A few weeks ago I quit eating sweets and refined flour. I did it because I had gained a few pounds since quitting my full-time job, and my clothes were uncomfortable. Don’t you hate that feeling? I was also having some aches and joint stiffness. Well, I lost 3 pounds in about a week or so and was feeling better in general, but still achy. I noticed that my addiction to salty chips went away, which was wonderful because I have eaten TONS of chips in my lifetime. Then I went to Philadelphia to the National Speakers Association convention. I ate dinner with a great family who described themselves as “almost vegan.” They all agreed that they felt better and had lost weight. Then I read an article about how Bill Clinton has gone vegan and feels great. And then to top it off, I met a man at our local National Speakers Association Mountain West Chapter meeting who told me he quit eating refined foods and lost 24 pounds in 1 month and feels great. He is in his 50’s and said his “aches and pains” have disappeared. He also said his physician told him to lose weight or die. That’s motivating! He told me he did it all by reading Joel Furhman’s book Eat to Live. One of my life policies is that if something comes to my awareness three times, I need to pay close attention. So last night I started reading Eat to Live and I just could not put it down. I was reading into the wee hours and it all made perfect sense. I am only halfway through but can’t wait to get to the actual diet style and recipes. I am going to go for it, and my husband will join me. Not sure if we can talk our grandson into it. We’ll see. I am 60 years old now and I want my upcoming retirement to be filled with not only financial health, but with physical, mental, emotional and spiritual health and energy. Wish me luck!
Taking care of myself has the added benefit of taking care of others. As I change me I change others. Here’s an example: If I take time every day to take care of myself, such as meditate, laugh, read a book for fun, etc., it makes me more relaxed and just plain easier to get along with. That makes the people around me feel better to be around me. Let’s think of this in terms of caregiving. If I do something simple like see my client or loved one as a vulnerable, lovable child of God, and I think only positive thoughts about that person, then I feel better. And guess what? That person can feel the positive vibes and he/she fells better too. So when you think you are overwhelmed with serving others – it’s called caregiver burden – one way to fix that is to take better care of yourself! So the next time you take a break, exercise, meditate or do something just for the fun of it, just remind yourself that you are taking care of those around you by taking care of yourself first. You are making a difference in the world when you respect your own needs.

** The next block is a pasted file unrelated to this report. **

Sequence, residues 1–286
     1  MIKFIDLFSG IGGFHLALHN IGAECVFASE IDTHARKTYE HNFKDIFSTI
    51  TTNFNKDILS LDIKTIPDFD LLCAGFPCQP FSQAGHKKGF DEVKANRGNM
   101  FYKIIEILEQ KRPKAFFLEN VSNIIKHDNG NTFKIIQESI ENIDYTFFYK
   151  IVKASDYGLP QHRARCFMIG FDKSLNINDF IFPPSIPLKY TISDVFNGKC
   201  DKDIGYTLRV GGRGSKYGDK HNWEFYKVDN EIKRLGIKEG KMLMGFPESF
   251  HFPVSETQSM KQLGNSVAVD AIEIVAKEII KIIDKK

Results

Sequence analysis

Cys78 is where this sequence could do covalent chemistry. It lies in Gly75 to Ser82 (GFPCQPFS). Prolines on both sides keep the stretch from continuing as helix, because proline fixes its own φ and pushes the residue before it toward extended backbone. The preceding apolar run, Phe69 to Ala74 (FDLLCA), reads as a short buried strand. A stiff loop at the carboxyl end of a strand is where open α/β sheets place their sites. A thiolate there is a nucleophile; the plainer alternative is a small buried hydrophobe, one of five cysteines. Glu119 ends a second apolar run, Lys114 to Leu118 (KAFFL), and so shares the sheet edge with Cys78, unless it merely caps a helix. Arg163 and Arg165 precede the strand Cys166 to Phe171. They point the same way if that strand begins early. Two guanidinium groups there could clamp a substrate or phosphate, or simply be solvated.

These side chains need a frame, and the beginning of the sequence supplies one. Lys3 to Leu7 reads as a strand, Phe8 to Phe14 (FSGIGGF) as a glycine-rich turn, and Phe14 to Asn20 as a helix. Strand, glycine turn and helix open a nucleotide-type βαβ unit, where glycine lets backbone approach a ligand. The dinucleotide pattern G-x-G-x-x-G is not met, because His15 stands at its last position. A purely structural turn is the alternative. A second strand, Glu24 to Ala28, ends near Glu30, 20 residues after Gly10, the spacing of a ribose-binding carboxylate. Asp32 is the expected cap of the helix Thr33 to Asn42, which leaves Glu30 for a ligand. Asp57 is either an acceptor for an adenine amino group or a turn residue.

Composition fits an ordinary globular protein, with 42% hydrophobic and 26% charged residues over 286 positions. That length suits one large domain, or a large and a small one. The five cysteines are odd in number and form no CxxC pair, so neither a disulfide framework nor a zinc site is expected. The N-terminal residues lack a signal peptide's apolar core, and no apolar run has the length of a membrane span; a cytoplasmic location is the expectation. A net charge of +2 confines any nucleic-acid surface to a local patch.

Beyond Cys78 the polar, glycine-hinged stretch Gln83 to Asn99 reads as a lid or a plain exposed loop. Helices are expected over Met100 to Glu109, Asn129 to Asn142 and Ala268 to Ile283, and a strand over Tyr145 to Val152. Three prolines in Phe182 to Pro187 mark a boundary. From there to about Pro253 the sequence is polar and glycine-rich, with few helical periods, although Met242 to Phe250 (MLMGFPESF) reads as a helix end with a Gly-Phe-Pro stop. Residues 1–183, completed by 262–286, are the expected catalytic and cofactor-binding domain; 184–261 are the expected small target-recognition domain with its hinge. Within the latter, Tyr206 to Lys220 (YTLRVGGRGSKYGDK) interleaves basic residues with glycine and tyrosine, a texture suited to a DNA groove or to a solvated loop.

Last Saturday my husband and I went shopping in the morning and planned to do some housework in the afternoon. When we got home from shopping, I decided to meditate before housework and my husband decided to take a nap. Well my 30-minute meditation turned into a 2 and a half hour nap! Wow! But my husband topped it by sleeping for 5 hours! And what was interesting is that when we woke up our first reaction was feeling “guilty” for “wasting” our Saturday. We are so very conditioned to think and feel that we have to do something productive all the time. Obviously, we needed some rest and self-care time. Why the guilt? Well, that was our first knee-jerk reaction, but then we changed our viewpoint and decided it was a great way to spend a Saturday. And it was certainly better then housework. So if you’re tired, release the guilt, don’t talk about what you “should” do, just … take a nap!!
I just started reading Hold Me Tight by Sue Johnson and discovered a wonderful quote by Erica Jong: “Love is everything it’s cracked up to be… It really is worth fighting for, being brave for, risking everything for. And the trouble is, if you don’t risk anything, your risk is even greater.” This reminded me of the quote by Anais Nin: “And the day came when the risk to remain tight in a bud was more painful than the risk it took to blossom.” Like the picture on this post, love often asks us to go “out on a limb” to truly blossom.
Stress is created by fear. We are often afraid to share our true feelings, speak our truth or make radical changes because we don’t want to be hurt. This avoidance of risk is natural, and the way we protect ourselves emotionally, spiritually and physically. But I guess there just has to come a day when it’s worth the risk to confront our fear. For many years I focused on making sure everyone was happy, not making waves, and protecting myself and loved ones from harm. I was afraid to speak my truth and definitely hated confrontation. I finally learned that the fear of confrontation was more stressful than the actual confrontation. And I felt great after the confrontation. As Susan Jeffers says, “Feel the fear and do it anyway.” Words to live by. It seems to me that love waits on the other side of fear. Walk (or run) through the fear and love is discovered. And love is sweet medicine for stress and pain.